The golem's club smashed an arc through the market awnings and blew cool air across Czioc's cheek before crushing her rump into the ground. She shrieked, a real high-pitched shrieking sound that drilled into the back of Czioc's skull, as blood flooded out from huge gashes in her flanks, and she threw her arms out as the golem kicked aside a wooden stall and brought the club down on her again before Czioc could even speak. Her body lay in one piece, jagged bones sticking out of her flattened skull and horse-body. Scarlet blood pooled on the floor, soaking into the coloured furs now lying on the ground.
Czioc just stood there.
Don't just stand there you fucking idiot.
The golem stared down at him coldly. He backed away, through the passers-by who glanced but didn't look. Nobody ever looked.
The Ethe records for the fur trader were sealed off and erased from public view within minutes.
Czioc went very carefully to find Desci Rhombus.
Desci Rhombus was actually a rather pleasant man who lived in a large ceremonial square, by the ornamental fountains in the middle.
Czioc wandered inside the land, confirming the whereabouts of Desci Rhombus on the Ethe but not making contact. It wasn't a large town, but the passages were wide and dignified, bushes lining the paths on all four walls. After half an hour of walking through botanic gardens, the space opened out. It opened out sideways.
Czioc stood at one end of a long curved band of space, with the gardens stretching left and right for half a mile or more, but no more than a hundred feet of room overhead. The lush dark green vegetation and marble-grey carvings rolled steeply upwards in front of him, vision limited to just a mile or maybe even less.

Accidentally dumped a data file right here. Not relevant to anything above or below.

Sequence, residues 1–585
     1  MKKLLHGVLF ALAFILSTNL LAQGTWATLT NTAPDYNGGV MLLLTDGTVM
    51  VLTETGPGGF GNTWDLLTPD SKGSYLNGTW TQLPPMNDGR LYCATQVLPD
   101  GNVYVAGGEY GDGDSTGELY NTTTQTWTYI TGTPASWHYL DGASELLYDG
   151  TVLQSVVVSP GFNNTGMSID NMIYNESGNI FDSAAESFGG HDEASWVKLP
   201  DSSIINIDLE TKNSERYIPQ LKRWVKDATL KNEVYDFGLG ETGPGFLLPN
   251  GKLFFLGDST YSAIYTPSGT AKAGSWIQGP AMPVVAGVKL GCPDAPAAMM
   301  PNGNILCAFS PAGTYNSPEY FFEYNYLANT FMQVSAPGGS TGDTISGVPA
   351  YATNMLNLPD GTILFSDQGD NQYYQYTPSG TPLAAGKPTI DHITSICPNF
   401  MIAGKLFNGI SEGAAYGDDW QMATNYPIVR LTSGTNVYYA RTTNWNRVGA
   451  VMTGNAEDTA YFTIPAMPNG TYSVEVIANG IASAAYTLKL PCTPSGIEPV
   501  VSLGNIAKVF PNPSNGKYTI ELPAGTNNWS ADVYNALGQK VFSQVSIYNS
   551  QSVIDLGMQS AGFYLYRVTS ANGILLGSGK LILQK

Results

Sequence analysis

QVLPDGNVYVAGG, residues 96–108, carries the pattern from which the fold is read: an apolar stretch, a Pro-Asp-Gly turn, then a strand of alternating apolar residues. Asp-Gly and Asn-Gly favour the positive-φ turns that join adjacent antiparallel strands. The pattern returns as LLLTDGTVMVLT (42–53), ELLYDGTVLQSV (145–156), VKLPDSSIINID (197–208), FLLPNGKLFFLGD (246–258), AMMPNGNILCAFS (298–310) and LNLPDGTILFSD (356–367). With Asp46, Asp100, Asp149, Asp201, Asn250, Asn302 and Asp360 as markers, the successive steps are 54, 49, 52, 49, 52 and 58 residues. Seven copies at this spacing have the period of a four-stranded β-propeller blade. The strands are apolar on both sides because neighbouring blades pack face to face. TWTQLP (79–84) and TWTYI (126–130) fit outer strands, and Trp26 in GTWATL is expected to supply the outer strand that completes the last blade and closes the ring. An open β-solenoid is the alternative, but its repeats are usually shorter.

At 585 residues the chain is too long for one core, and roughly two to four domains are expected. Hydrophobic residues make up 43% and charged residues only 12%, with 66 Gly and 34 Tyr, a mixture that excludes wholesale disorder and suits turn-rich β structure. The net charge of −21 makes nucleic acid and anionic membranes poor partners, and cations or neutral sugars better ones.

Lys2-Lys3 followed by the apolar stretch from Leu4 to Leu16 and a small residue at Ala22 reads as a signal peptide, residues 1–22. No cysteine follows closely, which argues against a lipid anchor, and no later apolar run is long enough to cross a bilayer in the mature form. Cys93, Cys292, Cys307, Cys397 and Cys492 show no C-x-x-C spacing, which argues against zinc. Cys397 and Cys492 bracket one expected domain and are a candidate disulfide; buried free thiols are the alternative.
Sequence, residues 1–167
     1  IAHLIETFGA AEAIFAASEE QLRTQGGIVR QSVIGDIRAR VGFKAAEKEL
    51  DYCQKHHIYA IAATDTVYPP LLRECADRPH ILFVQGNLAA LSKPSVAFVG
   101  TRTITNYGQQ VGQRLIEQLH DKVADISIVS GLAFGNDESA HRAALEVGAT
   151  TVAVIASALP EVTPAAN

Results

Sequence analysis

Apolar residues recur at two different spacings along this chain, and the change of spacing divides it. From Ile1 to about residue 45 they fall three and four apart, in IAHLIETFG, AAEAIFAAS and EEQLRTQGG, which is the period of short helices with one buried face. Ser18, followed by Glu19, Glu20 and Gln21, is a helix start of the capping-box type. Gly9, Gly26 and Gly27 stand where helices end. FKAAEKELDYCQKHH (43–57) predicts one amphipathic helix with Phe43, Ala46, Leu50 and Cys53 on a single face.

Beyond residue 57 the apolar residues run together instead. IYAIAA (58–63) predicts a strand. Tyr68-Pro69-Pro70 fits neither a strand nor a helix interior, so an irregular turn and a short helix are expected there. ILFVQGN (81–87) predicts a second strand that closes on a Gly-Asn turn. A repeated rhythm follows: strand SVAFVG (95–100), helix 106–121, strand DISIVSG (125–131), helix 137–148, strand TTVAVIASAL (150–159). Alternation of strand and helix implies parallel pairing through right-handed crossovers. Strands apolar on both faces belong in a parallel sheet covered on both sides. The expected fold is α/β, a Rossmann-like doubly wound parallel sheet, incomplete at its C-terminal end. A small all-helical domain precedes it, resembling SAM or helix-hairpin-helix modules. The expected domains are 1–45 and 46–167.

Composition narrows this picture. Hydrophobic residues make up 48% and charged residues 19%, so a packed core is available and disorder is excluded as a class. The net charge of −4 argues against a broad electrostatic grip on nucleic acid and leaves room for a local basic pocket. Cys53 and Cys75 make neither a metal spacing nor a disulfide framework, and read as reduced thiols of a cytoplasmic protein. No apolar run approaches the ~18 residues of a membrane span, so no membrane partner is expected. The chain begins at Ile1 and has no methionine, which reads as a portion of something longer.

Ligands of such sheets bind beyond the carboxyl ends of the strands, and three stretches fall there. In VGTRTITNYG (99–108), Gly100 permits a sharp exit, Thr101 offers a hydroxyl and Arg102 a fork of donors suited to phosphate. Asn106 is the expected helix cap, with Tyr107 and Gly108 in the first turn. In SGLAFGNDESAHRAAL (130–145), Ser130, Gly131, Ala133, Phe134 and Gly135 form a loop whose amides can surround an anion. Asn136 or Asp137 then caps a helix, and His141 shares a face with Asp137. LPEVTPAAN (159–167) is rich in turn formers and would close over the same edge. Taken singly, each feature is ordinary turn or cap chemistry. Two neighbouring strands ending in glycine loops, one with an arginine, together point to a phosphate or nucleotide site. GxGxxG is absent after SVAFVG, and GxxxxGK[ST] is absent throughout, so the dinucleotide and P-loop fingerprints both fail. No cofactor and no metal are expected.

Directly overhead seemed to be mainly water: a network of wooden walkways and jetties criss-crossed a large fishery. Dotting this shortened landscape, ladders had been built between the jetties above and the gardens below – or vice versa, for those on the jetties feeding the fish. Circular panels had even been constructed in the middle so climbers could swing themselves round once the gravity changed. Czioc leaned his head back, and watched the fish jumping out of the water for bread like dogs performing tricks.
In the centre of the curve was Desci Rhombus' recorded home and current location, a large stone square commemorating the town's history and dedicated to the glory of the Ethe. Marble fountains gushed in the centre, surrounding a column that seemed to be very nearly touching the water's surface above.